The house is cradled in the spectacle of a greenness I could never have imagined. Numerous waterfalls drop off the sides of the rice terraces, and the giant palms rustle gently, sparkling in the brilliant sunshine. A choir of floral hues echo from every bush, every clump of glass. Where the airport area had been unbearably hot, here on our mountain, it was considerably cooler, and, as the sun began to set it got downright comfortable. I even considered donning a sweater.
So much for the positives. The house was dirty. Not in a neglected or abused kind of way, but in a way that figures you won’t find sleeping on others’ sheets, using others’ towels, walking on wet floors objectionable. I might have found a way to deal with that, despite the high price (yes, the price per night was verging on 5 star cost) of the accommodation, but there were worse aspects.
For one thing, there was no mosquito netting. And the local store had no Deet. But worse than that, the bedrooms — more like monks’ cells, actually — were on opposite sides of the house, with no way to navigate one from another without walking thru the darkness of the jungle. Is my western-ness showing? I cannot deny it! In any case, these little rooms were in a state of perpetual air-conditioning, but they were not screened, so doors had to be firmly shut, yet the bathrooms, which are outside the bedrooms, accessed through unscreened doors, are the domain of marauding hordes of ants and spiders. Of course, the sound of mosquito song fills the air, even drowning out the shrill calls of the jungle nightlife. Going to the bathroom allows the little visitors in and invites them to hitch a ride atop one’s skin. We had no control of the a/c, and we had no blankets, which made for a cold night, but it didn’t deter our blood-sucking intruders from feasting on us.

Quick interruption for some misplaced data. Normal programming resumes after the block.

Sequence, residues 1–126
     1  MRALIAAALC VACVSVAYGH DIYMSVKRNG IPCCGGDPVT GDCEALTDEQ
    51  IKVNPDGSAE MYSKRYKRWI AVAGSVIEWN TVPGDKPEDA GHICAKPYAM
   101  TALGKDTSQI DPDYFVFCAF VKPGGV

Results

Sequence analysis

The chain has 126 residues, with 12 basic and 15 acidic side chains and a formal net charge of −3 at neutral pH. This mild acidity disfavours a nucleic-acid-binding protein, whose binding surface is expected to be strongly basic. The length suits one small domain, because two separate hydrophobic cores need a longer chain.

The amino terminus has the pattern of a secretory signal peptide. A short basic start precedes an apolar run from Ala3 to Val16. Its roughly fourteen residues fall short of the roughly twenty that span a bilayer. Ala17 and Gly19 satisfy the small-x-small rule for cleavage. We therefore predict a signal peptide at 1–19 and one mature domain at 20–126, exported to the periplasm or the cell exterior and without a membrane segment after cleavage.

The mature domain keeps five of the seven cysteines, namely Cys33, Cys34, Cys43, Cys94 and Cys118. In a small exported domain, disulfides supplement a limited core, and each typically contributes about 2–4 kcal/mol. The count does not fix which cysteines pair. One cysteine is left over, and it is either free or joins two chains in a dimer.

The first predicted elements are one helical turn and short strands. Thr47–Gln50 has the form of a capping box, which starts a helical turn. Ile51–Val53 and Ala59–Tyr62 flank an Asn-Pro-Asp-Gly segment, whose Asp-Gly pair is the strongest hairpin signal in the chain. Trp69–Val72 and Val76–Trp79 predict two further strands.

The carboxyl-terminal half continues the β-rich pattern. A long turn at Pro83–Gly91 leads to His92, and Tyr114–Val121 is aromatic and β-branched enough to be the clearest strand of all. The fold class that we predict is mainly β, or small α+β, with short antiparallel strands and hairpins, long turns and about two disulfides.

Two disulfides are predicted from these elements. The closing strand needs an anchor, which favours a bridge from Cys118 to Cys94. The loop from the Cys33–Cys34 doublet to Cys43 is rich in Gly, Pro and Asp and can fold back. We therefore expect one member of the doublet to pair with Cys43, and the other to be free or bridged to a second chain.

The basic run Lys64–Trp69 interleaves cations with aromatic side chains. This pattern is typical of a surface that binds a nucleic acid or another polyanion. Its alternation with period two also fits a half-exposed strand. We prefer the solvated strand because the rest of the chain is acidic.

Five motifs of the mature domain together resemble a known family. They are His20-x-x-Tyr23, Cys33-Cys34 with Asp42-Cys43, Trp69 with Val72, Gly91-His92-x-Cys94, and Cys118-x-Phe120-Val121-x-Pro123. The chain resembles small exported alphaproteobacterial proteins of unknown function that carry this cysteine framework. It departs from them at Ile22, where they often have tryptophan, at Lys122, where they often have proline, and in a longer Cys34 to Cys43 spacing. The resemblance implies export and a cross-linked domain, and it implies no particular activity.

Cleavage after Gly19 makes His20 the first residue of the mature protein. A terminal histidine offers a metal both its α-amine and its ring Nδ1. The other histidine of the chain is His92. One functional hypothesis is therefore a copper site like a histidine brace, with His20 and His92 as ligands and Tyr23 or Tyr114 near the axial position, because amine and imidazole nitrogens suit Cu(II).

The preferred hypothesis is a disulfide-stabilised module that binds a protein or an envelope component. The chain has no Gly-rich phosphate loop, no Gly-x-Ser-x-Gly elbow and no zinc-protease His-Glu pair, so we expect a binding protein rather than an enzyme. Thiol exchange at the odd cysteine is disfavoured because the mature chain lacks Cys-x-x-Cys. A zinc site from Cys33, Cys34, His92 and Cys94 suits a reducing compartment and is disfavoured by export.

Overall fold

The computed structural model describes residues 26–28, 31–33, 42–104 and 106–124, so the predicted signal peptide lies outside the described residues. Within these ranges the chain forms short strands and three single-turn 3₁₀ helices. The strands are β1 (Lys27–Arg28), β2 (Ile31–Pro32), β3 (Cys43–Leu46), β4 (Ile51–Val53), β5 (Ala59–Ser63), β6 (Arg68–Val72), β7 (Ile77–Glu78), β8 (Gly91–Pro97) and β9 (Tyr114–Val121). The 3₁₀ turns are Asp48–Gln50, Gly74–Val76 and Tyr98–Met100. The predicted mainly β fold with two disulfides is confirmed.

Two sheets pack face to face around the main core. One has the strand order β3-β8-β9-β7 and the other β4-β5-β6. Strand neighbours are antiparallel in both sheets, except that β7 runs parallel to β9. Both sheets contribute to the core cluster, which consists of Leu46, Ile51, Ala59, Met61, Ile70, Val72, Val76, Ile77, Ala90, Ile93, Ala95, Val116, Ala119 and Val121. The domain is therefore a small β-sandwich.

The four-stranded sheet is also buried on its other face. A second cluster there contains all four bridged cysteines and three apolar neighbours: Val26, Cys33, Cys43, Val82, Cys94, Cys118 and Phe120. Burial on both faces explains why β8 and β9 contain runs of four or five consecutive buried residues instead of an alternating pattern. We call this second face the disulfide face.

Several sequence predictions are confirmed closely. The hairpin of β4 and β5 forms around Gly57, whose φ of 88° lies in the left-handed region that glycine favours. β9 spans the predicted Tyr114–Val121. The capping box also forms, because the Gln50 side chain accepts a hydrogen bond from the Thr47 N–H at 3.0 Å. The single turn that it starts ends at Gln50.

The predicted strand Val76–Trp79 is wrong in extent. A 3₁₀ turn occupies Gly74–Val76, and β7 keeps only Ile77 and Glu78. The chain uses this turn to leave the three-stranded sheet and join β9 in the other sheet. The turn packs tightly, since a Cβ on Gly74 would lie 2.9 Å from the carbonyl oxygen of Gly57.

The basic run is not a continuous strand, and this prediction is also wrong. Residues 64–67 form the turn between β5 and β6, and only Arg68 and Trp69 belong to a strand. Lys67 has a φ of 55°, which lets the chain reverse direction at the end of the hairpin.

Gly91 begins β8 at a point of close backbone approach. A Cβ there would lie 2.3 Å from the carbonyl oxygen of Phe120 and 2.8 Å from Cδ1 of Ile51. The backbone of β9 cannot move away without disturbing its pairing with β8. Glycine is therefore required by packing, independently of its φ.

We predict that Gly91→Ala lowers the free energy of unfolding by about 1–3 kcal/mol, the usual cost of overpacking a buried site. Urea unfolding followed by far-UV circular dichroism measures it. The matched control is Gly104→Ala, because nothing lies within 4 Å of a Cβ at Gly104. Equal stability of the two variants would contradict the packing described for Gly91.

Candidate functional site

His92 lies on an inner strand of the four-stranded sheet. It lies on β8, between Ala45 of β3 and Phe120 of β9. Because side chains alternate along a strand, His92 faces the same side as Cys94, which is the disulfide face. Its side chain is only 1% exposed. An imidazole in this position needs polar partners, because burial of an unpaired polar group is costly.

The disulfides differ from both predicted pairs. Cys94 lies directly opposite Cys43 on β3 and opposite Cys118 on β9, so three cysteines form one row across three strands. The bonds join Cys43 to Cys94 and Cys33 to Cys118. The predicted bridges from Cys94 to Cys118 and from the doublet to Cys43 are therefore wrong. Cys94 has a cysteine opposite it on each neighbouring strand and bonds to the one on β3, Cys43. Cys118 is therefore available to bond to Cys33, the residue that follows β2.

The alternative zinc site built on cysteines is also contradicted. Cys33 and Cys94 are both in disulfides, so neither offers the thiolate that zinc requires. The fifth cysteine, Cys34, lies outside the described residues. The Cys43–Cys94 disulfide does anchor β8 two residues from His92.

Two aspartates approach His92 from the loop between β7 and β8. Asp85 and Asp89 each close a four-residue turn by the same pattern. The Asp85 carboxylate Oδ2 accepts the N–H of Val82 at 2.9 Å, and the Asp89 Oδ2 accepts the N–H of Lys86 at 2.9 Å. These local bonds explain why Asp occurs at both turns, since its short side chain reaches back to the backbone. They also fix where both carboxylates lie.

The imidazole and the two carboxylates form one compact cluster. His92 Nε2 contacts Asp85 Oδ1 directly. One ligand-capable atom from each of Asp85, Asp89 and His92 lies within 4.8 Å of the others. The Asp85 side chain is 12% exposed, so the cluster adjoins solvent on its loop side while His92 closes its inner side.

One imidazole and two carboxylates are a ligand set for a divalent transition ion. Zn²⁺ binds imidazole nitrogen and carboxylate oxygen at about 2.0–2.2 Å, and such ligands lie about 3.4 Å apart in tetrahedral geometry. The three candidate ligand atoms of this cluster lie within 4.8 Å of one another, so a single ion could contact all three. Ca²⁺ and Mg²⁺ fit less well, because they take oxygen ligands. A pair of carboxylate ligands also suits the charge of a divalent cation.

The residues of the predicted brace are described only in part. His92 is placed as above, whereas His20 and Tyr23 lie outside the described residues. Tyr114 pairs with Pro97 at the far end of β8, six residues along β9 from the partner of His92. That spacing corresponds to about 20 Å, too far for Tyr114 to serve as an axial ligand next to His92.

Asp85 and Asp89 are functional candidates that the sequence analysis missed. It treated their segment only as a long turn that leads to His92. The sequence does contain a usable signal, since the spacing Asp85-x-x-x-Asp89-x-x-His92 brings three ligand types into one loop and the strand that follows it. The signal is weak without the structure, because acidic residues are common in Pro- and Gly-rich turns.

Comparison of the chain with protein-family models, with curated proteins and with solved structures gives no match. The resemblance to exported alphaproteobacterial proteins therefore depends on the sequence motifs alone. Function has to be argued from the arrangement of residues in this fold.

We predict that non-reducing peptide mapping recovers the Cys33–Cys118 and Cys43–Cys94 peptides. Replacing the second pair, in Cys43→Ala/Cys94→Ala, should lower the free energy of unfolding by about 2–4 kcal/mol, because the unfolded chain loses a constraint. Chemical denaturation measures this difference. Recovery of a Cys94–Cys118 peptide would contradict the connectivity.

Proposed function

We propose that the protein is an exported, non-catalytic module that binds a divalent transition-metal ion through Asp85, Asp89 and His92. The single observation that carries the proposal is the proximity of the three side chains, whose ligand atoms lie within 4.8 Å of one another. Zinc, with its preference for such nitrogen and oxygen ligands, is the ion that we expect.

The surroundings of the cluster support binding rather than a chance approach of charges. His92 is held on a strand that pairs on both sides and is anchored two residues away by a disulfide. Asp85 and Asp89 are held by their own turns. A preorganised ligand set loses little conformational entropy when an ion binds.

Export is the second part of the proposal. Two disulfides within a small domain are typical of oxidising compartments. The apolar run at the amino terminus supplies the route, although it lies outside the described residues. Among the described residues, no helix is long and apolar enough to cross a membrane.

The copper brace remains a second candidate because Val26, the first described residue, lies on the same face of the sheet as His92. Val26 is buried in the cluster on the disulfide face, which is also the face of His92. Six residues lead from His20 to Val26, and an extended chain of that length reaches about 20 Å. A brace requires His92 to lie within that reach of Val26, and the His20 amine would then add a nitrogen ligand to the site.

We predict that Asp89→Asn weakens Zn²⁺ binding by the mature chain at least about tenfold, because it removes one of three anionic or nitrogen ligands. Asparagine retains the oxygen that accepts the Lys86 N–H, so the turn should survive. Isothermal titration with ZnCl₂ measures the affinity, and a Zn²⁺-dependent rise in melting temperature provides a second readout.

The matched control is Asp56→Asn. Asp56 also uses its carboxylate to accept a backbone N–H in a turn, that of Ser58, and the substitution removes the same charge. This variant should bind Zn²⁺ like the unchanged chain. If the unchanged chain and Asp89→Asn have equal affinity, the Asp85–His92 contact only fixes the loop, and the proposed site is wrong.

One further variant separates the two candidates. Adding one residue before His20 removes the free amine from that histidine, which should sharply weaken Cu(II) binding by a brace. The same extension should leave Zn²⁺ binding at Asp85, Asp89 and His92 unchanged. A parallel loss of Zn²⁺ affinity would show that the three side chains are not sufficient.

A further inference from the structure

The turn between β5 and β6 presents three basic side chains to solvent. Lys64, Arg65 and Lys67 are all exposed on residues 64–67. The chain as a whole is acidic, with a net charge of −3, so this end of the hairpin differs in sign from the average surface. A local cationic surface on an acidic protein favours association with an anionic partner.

While the open, airy kitchen area was esthetically pleasing by day, at night it became nightmarish. All kinds of creatures shared the space, including, of course, those mosquitos. There was a kind of sitting room on the second story, very quaint and something I’d probably love in an upstate NY summertime (after black fly season), but kind of formidable in its dirty unprotectedness.
The grounds were pristine, thanks to the next-door neighbor, who tended them. The pool, however, clearly presented him a challenge, and there were innumerable dead things both botanical and zoological floating in it. Not inviting.
But the worst part about the house was something we came to realize is implicit in the Bali tourism trade: the ubiquitous, over-fussy, cloyingly attentive staff employed to meet our needs.